PSC, energy suppliers continue battle over market

Retail utility service suppliers known as ESCOs — energy service companies — argue that New York state’s continued fight against them is harmful to the state’s energy markets.

The Retail Energy Supply Association, a leading trade group for ESCOs, made the case in testimony being filed Friday with the state Public Service Commission as part of an ongoing review of the ESCO market.

“Removing ESCOs from the mass market and improving price controls would destabilize and harm the New York power market,” says a summary of RESA’s testimony provided to the Times Union ahead of its submission.

The Cuomo administration has sought to crack down on unscrupulous ESCOs in the wake of allegations that firms were taking advantage of elderly and low income customers and moving them out of cheap introductory pricing to more expensive plans.

ESCOs, or energy service companies, sell electric and natural gas supply to utility customers. Although utilities provide gas and electric supply by default, the state’s deregulated market structure allows for other companies to also sell the gas and electric supply, which the utilities say they pass onto customers without a markup.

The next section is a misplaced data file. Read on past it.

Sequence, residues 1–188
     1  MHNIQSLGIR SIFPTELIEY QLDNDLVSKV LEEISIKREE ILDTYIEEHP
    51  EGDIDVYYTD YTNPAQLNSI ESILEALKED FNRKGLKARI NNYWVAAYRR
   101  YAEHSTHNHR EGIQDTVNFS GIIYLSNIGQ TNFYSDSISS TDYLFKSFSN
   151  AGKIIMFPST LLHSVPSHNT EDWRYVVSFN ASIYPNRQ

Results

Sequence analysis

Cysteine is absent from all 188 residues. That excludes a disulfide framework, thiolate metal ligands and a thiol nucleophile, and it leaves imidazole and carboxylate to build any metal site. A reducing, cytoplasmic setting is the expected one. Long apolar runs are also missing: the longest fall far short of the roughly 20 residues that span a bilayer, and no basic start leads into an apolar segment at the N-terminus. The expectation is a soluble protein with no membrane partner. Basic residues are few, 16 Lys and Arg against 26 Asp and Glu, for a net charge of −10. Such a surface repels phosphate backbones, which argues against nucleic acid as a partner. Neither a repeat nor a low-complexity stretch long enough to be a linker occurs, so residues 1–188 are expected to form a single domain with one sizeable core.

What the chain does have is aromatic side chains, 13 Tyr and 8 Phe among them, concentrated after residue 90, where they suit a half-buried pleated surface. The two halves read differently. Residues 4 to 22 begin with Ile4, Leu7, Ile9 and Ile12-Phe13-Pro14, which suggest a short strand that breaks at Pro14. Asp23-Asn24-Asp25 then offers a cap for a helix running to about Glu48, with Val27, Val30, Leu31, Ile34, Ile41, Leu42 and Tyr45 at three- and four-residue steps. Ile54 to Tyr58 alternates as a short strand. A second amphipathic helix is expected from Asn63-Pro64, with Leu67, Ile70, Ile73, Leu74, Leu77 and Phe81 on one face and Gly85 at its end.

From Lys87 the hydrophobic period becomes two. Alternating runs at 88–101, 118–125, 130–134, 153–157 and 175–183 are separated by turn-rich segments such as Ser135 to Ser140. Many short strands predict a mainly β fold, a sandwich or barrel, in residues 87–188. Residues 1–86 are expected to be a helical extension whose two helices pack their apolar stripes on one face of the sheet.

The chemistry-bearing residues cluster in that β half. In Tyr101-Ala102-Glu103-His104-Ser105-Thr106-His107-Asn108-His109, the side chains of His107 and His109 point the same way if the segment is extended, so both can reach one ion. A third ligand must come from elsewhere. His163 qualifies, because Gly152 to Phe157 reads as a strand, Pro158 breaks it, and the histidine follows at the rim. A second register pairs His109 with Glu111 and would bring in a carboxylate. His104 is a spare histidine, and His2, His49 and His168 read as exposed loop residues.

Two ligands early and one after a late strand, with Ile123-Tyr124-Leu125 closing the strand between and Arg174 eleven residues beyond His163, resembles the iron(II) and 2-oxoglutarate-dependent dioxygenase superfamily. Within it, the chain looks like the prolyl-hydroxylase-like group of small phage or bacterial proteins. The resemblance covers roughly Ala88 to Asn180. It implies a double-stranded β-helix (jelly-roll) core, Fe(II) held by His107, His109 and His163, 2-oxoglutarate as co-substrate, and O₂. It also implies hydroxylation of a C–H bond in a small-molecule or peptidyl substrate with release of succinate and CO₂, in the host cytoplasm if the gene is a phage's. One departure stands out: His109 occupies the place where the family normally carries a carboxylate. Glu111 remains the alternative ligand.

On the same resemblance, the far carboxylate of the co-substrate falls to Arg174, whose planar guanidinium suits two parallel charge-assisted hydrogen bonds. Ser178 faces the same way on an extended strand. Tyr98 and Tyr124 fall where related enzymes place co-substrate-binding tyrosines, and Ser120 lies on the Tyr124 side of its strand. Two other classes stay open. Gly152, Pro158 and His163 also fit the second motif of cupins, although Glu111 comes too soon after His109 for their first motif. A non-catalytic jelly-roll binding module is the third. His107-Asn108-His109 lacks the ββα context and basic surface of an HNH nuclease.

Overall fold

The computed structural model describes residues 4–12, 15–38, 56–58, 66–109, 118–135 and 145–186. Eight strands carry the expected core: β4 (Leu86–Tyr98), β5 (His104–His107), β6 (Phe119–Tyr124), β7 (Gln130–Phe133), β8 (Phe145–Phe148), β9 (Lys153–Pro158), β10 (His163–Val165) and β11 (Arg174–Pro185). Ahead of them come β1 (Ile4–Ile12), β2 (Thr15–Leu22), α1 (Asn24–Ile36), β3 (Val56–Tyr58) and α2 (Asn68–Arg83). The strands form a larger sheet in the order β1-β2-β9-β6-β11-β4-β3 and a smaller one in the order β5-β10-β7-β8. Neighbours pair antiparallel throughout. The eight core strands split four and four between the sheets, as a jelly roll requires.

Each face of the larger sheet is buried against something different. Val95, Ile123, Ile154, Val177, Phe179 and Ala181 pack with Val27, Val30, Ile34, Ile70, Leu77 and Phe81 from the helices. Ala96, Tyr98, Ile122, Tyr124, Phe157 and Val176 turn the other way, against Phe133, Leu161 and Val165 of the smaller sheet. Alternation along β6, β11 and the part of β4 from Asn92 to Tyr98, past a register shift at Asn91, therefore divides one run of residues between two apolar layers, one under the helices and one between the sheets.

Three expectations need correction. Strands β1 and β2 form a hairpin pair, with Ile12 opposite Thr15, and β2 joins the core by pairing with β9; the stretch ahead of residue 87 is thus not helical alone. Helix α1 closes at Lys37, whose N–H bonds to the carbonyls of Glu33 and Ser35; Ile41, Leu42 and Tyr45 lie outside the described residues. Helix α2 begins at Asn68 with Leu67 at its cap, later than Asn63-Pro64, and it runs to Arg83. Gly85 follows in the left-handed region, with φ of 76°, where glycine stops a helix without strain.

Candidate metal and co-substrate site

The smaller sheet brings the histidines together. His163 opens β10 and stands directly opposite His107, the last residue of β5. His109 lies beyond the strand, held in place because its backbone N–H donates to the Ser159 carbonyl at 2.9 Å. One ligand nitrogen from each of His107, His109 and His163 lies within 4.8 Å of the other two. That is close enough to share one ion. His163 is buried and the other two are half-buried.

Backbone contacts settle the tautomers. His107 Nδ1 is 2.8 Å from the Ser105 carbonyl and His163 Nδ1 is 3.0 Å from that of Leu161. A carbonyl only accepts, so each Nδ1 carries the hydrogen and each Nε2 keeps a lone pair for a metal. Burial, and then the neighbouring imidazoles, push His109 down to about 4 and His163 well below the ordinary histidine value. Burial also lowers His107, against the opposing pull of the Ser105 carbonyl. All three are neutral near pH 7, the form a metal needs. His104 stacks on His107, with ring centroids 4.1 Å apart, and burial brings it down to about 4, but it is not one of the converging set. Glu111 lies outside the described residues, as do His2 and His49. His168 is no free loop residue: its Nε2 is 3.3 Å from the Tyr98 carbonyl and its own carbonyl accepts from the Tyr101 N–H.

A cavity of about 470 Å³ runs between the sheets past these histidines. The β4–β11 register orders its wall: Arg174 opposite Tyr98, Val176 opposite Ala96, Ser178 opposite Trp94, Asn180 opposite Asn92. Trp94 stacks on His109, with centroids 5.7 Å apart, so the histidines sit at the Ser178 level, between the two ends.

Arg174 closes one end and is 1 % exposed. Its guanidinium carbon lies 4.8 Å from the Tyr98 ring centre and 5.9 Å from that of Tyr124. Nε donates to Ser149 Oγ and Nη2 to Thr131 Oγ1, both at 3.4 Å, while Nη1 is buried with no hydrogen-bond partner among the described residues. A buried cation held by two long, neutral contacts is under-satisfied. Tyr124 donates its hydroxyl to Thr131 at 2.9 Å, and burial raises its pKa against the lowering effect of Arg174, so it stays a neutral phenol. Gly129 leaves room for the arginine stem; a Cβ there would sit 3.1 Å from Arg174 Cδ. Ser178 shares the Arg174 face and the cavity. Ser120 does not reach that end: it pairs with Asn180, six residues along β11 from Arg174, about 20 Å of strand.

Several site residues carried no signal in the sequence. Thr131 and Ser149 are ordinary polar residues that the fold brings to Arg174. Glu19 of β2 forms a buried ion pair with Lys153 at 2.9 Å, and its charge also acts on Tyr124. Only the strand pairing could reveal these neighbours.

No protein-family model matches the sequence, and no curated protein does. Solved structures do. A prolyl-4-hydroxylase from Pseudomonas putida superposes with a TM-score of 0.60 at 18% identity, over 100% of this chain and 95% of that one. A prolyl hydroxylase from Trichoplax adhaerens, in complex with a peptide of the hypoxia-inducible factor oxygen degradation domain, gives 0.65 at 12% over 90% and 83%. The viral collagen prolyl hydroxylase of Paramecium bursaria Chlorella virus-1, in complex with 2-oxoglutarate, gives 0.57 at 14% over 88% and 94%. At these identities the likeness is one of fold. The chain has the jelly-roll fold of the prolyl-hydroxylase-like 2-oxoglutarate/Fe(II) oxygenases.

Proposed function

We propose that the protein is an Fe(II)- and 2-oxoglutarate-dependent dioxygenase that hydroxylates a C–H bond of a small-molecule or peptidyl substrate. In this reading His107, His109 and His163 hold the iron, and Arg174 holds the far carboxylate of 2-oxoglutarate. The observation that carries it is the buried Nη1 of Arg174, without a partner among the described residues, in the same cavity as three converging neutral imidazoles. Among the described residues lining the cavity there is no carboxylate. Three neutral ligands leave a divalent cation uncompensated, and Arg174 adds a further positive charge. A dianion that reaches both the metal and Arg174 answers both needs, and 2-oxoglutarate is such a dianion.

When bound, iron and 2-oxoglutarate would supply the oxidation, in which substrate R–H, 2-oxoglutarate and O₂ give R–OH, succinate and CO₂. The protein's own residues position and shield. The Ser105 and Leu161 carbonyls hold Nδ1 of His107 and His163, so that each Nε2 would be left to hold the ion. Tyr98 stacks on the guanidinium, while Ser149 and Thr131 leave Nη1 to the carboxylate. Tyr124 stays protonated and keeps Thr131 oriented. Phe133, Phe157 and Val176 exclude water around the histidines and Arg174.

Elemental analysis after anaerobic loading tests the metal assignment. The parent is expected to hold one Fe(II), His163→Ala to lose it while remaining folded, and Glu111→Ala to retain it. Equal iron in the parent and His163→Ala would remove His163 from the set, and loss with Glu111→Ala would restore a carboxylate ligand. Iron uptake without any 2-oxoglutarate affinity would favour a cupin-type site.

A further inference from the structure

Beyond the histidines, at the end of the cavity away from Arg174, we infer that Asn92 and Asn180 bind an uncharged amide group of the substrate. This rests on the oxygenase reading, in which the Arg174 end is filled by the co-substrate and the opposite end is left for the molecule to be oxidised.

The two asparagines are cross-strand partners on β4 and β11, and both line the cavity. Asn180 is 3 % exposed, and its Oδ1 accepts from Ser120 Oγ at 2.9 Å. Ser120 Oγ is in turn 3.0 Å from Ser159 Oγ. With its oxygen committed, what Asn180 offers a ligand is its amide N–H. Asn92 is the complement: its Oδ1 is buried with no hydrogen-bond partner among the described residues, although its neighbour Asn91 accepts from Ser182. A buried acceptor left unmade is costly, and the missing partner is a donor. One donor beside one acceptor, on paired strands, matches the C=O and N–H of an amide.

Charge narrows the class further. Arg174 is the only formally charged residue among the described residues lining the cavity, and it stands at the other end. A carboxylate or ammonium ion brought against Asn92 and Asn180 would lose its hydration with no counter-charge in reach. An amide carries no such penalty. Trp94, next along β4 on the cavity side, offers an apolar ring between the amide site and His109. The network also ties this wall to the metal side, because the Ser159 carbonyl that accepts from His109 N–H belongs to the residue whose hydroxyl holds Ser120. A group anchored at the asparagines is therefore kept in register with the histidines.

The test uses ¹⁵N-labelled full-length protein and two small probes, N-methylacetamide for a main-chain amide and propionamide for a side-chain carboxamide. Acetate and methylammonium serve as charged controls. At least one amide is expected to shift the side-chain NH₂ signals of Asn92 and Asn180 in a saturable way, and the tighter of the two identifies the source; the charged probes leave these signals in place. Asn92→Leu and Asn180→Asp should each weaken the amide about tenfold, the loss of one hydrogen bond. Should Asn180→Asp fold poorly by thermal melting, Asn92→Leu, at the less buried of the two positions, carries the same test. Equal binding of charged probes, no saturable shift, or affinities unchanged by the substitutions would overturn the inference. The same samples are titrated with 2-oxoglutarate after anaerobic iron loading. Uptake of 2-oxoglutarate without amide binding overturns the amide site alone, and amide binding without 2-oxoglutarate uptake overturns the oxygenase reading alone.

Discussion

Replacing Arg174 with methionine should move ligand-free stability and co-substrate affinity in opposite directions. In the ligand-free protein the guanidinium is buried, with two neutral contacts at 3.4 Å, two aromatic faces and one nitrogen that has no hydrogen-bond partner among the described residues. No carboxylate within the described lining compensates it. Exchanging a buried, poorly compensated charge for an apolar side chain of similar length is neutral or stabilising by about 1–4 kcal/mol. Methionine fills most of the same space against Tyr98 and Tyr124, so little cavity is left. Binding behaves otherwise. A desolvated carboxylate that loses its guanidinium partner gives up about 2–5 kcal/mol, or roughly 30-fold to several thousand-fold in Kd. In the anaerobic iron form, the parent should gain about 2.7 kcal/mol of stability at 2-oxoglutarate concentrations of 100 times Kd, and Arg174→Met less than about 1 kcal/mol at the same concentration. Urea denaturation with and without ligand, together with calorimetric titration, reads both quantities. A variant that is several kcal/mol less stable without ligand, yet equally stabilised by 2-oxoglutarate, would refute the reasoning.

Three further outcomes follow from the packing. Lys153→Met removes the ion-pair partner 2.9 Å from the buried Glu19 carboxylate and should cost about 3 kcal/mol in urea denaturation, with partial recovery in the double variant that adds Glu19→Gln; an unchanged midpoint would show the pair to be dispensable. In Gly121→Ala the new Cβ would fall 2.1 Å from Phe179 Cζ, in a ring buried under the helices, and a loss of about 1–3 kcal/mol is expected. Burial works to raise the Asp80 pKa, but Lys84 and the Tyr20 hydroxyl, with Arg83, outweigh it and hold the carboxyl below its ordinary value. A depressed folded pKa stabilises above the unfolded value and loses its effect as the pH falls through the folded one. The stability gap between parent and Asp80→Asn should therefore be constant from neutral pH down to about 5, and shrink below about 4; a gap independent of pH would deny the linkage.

Consumer watchdog groups say that ESCOs have often been more expensive than what the utility sells gas and electricity for, even though they market themselves as a cheaper alternative.

Groups like RESA say that isn’t really the standard, and that some customers would rather get fixed rate pricing and perhaps pay more some months than be subject to energy volatility. Utilities in general do not offer fixed price plans.

“In any competitive marketplace, there will be some customers paying more than others,” the RESA summary states.

RESA’s submission of its comments comes the day after the PSC rejected a request by two ESCOs to sell to low-income customers in New York.

The two companies, Drift Marketplace Inc. and M&R Energy Resources Corp., could not convince the PSC that they could guarantee low-income customers would save money compared to getting their supply from their utility.

“The commission prohibits ESCOs from enrolling and renewing customers who are participants in utility low-income assistance programs unless the ESCO can provide guaranteed savings to those customers,” Commission Chair John Rhodes said in a statement. “During a recent 30-month period, ESCOs overcharged low-income New Yorkers for gas and electricity by $96 million. Our work protects low- income customers, as well as all New York ratepayers. “

The PSC did approve, however, the application of Ambit Energy to sell to low-income customers in the state. The PSC had previously shut down the low-income market to ESCOs until they could demonstrate the savings.

“Unlike the other ESCOs, Ambit provided detailed information on its calculations used to determine its monthly prices,” a PSC press release explaining its decision states. “Commission staff reviewed the documents and calculations and are confident in Ambit’s ability to deliver savings. There remain several pending requests from ESCOs seeking permission to market to low-income customers. Those requests continue to be reviewed.”


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